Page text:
• Too Confusing – Small businesses would be forced to accommodate over 9,000 highly variable state and local tax codes and be required to settle disputes with out of state revenue boards in out of state courts.
  • Discourages Tax Competition -Rather than competing to lower taxes and attract businesses, states will compete to raise taxes on residents of other states
  • Expands State Tax Authority - State Governments will be able to tax across their borders despite clear legal and judicial precedentarguing otherwise

Write your congressman and senators urge them to oppose efforts to impose an internet sales tax mandate!

 


Internet Sales Tax, a Legislative Hydra


Posted by Katie McAuliffe on Monday, January 14th, 2013, 6:34 AM PERMALINK

Defeating Internet Sales tax may seem like a Herculean feat, since businesses and state government have aligned against the average taxpayer.  But Internet sales tax keeps getting squashed at the state level and it will get crushed at the federal level as well because it is simply a bad plan. 

There is a new tactic being taken at the state level by Virginia Governor Bob McDonnell.  His plan to rebuild the Virginia Transportation Fund gets rid of the gas tax and raises the sales tax from 5% to 5.8% and reallocates funding as such:

First, 1.125 cents of the 5.8 percent sales tax will be dedicated to public education ($310 million over 5 years). Second, 0.5 cents of the 5.8 percent sales tax will be given back to the localities to use at their discretion ($138 million over 5 years). Third, 0.5 cents of the 5.8 percent sales tax will be given back to the localities for local transportation priorities ($138 million over 5 years). Finally, 3.675 cents of the 5.8 percent sales tax will be provided to the Transportation Trust Fund ($1.02 billion over 5 years).

However to get to these numbers McDonnell requires the passage of the internet sales tax.  He looks to the potential ability of having out of state businesses collect Virginia Sales tax to increase Virginia state revenues, but ignores that he will be putting Virginia businesses under the jurisdiction of every other state’s department of revenue.  Requiring businesses to comply with other state revenue departments will be costly to business in terms of compliance and in dispute resolution.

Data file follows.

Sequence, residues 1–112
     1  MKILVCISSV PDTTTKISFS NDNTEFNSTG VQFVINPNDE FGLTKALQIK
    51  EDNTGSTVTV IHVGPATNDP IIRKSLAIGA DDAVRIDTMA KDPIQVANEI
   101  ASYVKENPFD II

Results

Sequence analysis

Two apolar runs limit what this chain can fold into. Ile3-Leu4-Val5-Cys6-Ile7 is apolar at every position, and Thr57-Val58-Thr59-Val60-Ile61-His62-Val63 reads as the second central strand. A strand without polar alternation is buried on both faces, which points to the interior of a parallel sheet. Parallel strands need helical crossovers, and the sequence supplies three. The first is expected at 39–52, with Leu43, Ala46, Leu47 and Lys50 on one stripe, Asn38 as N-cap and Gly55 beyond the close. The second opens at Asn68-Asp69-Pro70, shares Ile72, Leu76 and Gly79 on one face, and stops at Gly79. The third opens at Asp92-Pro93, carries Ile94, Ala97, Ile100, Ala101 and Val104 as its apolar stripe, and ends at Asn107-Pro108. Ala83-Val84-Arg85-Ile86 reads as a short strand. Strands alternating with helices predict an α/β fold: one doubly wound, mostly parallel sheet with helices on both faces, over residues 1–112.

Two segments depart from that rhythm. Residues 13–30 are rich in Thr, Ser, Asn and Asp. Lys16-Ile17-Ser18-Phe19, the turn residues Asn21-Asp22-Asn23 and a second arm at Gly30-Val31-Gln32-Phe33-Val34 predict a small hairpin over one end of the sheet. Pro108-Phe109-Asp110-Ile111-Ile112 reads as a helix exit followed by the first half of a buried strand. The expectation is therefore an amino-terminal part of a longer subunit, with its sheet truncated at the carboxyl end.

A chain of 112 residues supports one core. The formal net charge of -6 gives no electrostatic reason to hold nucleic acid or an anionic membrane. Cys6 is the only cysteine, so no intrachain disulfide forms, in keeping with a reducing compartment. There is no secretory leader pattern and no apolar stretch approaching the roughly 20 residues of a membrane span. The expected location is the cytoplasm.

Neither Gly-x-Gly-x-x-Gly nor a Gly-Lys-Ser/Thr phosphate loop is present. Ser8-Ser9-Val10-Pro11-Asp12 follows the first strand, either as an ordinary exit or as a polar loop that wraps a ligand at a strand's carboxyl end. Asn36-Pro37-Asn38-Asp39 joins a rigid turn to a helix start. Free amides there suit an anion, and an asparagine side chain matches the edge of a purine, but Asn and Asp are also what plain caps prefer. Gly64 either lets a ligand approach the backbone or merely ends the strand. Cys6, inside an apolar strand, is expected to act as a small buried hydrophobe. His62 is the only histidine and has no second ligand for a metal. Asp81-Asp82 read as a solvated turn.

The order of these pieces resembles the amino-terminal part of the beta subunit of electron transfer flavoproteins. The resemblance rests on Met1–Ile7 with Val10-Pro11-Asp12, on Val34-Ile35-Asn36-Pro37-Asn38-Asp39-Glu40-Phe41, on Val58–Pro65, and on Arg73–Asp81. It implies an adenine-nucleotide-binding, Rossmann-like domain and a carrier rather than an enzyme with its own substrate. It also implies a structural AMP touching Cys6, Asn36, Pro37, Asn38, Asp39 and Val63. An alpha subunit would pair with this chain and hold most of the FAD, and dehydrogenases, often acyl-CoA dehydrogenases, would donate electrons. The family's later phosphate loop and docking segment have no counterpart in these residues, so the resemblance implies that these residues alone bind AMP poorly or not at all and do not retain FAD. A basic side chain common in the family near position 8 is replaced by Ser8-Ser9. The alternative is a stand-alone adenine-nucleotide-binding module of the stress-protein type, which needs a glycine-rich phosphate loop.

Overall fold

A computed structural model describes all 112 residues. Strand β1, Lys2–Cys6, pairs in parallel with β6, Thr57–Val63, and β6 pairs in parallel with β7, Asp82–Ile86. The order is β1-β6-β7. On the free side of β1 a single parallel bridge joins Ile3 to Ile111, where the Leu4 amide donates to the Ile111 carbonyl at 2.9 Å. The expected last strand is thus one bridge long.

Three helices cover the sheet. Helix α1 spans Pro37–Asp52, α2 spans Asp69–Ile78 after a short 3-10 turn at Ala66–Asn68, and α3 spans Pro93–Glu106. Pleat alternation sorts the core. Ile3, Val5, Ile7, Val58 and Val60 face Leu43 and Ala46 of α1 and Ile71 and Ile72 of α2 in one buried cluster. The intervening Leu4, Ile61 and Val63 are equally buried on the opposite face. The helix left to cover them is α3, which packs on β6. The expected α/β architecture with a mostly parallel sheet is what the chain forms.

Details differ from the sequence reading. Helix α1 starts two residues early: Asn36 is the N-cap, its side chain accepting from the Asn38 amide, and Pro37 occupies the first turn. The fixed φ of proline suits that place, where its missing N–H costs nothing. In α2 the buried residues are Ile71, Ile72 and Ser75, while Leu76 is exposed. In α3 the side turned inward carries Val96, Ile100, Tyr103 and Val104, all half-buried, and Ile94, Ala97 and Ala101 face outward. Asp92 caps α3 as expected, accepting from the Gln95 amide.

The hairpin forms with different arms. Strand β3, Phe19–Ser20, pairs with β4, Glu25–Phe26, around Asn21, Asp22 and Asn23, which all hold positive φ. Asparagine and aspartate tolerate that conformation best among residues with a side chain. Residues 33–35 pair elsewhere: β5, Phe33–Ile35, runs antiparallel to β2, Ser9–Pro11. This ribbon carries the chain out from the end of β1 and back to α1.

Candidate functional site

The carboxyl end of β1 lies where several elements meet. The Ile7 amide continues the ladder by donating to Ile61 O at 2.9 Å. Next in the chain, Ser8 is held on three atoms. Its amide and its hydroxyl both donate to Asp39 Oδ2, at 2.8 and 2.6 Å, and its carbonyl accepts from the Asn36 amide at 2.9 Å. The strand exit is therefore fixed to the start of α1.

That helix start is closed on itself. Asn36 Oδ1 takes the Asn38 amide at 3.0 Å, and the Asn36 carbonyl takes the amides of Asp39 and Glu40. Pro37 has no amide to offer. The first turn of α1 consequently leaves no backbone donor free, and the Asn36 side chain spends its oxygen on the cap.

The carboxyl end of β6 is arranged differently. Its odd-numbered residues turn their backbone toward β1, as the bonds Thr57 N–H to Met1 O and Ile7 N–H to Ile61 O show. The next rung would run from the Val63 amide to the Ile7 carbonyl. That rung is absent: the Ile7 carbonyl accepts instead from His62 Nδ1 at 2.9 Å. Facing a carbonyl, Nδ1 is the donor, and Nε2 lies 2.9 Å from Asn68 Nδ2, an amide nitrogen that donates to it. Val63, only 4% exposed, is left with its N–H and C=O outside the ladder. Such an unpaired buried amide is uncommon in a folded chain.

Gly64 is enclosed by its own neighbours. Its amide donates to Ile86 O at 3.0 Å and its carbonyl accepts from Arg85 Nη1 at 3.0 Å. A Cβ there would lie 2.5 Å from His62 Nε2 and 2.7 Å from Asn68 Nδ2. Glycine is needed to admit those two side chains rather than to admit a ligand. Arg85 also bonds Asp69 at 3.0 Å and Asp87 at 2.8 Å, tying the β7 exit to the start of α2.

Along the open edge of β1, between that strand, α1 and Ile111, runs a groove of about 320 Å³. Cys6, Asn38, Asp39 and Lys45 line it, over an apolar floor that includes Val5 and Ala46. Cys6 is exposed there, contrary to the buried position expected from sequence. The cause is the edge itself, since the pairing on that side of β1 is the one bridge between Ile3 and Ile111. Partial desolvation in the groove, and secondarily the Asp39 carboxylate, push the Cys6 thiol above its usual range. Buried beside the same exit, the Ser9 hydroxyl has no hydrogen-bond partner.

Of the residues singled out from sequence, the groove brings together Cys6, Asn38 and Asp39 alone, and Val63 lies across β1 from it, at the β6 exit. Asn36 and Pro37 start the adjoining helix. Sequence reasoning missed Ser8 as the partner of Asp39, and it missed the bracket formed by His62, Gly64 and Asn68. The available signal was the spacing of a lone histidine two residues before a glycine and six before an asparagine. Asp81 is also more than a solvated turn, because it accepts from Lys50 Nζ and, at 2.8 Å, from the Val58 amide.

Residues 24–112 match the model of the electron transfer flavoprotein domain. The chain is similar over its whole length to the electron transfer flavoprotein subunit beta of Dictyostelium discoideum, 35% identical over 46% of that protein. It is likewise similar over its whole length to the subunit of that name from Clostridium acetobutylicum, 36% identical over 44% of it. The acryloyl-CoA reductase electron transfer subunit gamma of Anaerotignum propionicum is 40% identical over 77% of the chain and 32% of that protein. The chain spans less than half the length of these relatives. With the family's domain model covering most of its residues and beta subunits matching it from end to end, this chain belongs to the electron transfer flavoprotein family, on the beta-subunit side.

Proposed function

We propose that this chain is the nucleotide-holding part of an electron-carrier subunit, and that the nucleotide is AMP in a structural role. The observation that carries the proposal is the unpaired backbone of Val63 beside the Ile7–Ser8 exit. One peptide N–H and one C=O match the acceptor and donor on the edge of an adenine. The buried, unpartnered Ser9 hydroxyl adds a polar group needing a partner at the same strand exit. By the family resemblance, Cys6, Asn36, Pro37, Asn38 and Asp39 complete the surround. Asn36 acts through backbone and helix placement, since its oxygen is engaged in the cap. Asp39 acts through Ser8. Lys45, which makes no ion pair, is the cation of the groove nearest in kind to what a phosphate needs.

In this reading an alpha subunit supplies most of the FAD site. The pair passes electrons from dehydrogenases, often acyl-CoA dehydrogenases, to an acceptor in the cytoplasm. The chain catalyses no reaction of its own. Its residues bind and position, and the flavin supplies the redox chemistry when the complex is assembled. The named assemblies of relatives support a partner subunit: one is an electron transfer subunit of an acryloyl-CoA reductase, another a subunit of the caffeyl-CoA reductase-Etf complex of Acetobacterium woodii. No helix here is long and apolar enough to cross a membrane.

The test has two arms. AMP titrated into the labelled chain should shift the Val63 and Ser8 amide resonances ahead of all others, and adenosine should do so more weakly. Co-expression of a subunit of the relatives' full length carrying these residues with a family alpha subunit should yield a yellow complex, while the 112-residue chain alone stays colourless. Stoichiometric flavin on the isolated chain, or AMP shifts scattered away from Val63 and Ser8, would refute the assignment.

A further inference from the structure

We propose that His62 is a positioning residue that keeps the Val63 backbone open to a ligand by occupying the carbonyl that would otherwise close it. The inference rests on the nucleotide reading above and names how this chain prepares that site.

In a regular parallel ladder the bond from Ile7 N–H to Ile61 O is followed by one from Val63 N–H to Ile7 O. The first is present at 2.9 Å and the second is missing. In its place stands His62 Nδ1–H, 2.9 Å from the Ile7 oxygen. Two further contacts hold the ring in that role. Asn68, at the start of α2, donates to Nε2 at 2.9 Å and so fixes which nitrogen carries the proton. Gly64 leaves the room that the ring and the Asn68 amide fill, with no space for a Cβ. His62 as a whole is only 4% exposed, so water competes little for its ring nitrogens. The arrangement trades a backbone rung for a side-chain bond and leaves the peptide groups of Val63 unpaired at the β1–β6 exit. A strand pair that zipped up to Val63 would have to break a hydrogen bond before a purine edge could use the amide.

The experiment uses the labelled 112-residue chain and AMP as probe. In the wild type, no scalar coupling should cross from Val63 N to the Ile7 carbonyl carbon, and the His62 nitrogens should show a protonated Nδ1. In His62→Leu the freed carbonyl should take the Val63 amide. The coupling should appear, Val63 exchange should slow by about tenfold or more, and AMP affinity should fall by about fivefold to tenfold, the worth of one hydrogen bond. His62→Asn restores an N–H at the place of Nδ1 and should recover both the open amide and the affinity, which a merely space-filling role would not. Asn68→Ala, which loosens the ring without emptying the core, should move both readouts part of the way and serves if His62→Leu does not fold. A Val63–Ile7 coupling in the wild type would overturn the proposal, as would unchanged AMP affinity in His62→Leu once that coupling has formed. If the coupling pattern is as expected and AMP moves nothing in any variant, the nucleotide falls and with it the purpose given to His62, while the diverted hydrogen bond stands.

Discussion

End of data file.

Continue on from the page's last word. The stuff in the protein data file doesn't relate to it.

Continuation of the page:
Just incase you missed it, McDonnell is setting up his Transportation Fund plan based on a federal law that does not exist, and likely will not pass.

Here is the long and short of why any implementation of internet sales tax is bad:

Flaws in the Internet Sales Tax Mandate

How it works

At the end of each year businesses are responsible for sales tax.  They can choose to tax their customers at the point of sale or pay out what they owe in sales tax at the end of the year.  Businesses therefore act as a tax collection arm for the state in which they do business.  The Internet sales tax mandate would force businesses to become sales tax collectors for all states.  For example, if a customer in New York State makes a purchase from a company based in Virginia, the Virginia business would have to collect New York sales tax from the customer and then send the collected tax back to New York.  At the end of the year if there are any disputes over sales tax collection the Virginia business would be subject to the New York Department of Revenue and New York Courts.

Slippery Slope

To some people, passing a federal law authorizing states to collect internet sales tax across their borders may seem like a small change. However, eliminating the need for businesses to have a physical presence in a state in order to be taxed encourages states to tax non-residents who have no recourse to fight against said taxes. Additionally, this change would provide a precedent for lawmakers to authorize a host of new taxes on internet usage, ecommerce, and other services associated with the internet. With a digital goods tax (a tax on digital music, e-cards, video game accessories, etc.) being considered in Congress and the Internet Tax Freedom Act of 1998, which protects taxpayers from taxes on internet access and other ways, expiring in 2014, the passage of an internet sales tax would be a dangerous boost to greedy coalitions pushing for more internet based taxes. Essentially, an internet sales tax is a step towards states increasing taxes on consumers they do not serve and would aid government efforts to profit from areas in which taxpayers are currently protected from taxation.